2019: Fifteen Years Later and the Ultimate Limitation Period is Engaged!

While it may be the year of the Pig, 2019 also marks the year of the Ultimate Limitation Period! Undiscovered claims that occurred on or before January 1, 2004 (the date the Limitations Act, 2002 came into force), became ultimately statute barred on January 1, 2019 as a result of s. 15 of the Act.

The Act introduced an ultimate limitation period of 15 years that starts to run from the day the act or omission on which the claim is based took place. No proceeding can be commenced once the ultimate limitation period has concluded, irrespective of when the claim was discovered (subject to some enumerated exceptions contained in s.

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York Condominium Corp., No 382 v Jay-M Holdings Ltd., 2007 ONCA 49 (Ultimate Limitation Period)

In York Condominium Corp., No 382 v Jay-M Holdings Ltd., 2007 ONCA 49, the Ontario Court of Appeal had occasion to examine the “ultimate” limitation period provision found in s. 15 in the Limitations Act, 2002, in conjunction with its transitional provisions found in s. 24. This was the first case to interpret the 15 year ultimate limitation period. There was no corresponding provision in Ontario prior to the new Act coming into force on January 1, 2004.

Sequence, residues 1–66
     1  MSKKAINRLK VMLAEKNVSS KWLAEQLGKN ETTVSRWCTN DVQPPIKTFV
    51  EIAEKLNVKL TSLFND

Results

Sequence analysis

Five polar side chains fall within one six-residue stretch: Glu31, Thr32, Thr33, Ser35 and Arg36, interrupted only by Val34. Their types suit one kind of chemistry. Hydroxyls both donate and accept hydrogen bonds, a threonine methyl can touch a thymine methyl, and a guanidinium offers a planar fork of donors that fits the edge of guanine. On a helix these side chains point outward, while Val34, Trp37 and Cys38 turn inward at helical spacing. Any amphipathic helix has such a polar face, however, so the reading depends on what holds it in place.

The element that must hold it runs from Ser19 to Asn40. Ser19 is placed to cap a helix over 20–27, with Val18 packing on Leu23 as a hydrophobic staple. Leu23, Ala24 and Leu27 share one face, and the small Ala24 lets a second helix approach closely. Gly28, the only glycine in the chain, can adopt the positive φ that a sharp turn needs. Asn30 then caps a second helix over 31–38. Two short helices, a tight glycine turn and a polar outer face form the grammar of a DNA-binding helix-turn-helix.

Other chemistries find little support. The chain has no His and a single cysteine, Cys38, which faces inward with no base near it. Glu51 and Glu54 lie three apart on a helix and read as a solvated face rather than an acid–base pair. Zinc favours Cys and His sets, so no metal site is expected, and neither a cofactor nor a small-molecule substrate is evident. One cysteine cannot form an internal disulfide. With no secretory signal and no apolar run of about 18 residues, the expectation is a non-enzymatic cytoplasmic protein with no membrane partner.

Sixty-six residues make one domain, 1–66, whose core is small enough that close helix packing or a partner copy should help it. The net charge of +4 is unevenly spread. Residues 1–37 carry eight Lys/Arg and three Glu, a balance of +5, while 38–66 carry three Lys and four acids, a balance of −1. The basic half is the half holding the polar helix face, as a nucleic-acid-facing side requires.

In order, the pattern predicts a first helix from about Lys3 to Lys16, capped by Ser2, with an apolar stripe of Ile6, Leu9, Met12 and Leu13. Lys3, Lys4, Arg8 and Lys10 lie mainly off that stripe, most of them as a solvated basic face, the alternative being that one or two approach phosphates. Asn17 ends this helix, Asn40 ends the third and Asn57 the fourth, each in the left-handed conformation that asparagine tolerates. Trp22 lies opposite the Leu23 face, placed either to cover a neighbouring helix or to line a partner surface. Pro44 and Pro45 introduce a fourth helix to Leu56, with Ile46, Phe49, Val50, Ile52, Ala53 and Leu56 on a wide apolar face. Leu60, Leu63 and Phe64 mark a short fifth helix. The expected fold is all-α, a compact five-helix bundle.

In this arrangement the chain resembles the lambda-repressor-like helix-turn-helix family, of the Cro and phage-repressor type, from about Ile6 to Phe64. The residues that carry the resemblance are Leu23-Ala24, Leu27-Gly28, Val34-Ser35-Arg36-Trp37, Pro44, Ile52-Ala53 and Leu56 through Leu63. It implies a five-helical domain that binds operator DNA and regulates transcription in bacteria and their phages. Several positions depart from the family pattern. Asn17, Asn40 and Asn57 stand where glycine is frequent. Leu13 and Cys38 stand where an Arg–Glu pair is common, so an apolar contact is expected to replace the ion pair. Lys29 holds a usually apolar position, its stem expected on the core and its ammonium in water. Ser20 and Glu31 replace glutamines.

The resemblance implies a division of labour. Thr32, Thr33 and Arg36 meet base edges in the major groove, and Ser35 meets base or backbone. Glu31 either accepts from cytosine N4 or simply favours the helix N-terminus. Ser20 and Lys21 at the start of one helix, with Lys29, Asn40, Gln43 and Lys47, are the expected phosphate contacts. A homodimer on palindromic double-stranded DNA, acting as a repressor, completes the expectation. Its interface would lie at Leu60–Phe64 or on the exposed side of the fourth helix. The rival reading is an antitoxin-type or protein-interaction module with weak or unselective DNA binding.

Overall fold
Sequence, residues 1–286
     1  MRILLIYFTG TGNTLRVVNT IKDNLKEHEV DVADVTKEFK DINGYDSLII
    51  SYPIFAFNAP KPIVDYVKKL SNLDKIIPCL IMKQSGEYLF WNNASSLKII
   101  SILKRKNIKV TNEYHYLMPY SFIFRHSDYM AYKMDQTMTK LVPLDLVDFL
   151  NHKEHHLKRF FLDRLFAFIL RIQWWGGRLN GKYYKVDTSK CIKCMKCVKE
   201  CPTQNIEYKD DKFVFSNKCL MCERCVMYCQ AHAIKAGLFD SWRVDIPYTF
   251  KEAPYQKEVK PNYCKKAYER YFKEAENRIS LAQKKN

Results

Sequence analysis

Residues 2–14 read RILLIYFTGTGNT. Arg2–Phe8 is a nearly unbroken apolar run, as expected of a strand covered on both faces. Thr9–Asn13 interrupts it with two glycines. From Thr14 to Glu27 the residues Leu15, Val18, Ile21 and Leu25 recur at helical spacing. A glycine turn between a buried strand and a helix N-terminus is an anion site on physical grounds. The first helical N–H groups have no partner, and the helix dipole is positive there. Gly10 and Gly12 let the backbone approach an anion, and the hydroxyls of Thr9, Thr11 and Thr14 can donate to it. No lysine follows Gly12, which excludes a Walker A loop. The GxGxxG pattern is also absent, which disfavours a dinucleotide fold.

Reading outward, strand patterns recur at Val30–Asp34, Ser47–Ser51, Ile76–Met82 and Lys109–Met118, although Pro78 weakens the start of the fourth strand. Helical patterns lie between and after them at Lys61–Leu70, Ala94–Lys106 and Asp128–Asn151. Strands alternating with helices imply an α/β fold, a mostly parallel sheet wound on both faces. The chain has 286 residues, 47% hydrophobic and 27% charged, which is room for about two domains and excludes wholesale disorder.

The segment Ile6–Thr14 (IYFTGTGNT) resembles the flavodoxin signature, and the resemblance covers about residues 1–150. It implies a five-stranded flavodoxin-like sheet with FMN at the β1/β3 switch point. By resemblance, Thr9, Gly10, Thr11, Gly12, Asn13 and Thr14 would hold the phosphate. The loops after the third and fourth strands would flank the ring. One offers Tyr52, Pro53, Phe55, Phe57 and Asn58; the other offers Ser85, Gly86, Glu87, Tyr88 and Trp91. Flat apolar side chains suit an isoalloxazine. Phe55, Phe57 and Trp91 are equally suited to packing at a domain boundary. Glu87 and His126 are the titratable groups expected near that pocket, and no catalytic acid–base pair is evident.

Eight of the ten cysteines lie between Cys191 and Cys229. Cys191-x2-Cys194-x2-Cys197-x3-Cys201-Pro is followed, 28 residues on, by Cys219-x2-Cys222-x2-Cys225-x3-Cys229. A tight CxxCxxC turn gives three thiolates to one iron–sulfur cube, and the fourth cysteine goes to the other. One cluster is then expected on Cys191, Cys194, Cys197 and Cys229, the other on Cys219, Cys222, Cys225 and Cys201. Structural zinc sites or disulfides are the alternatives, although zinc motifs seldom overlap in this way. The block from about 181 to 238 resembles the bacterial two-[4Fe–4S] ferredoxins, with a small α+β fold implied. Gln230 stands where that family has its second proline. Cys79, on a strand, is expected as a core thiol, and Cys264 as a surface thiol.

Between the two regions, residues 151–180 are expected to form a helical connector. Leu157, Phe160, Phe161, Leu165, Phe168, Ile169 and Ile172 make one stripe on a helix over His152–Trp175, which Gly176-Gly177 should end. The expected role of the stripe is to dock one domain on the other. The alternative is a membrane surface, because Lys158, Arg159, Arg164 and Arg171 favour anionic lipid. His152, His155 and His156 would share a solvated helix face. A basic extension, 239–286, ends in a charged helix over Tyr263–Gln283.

The Court of Appeal held that if a claim is not discovered until after January 1, 2004, but the act or omission took place before that date, the ultimate limitation period of 15 years starts to run as if the act or omission had taken place on January 1, 2004.

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